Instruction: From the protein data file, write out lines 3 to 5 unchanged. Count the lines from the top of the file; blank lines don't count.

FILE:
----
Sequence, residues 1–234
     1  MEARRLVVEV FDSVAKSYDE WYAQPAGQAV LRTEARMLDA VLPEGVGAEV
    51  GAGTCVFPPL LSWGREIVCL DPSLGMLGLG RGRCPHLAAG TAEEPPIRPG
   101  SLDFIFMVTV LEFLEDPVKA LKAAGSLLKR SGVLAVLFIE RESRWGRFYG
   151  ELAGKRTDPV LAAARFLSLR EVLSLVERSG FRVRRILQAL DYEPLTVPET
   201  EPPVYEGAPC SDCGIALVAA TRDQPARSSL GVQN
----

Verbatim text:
    51  GAGTCVFPPL LSWGREIVCL DPSLGMLGLG RGRCPHLAAG TAEEPPIRPG
   101  SLDFIFMVTV LEFLEDPVKA LKAAGSLLKR SGVLAVLFIE RESRWGRFYG
   151  ELAGKRTDPV LAAARFLSLR EVLSLVERSG FRVRRILQAL DYEPLTVPET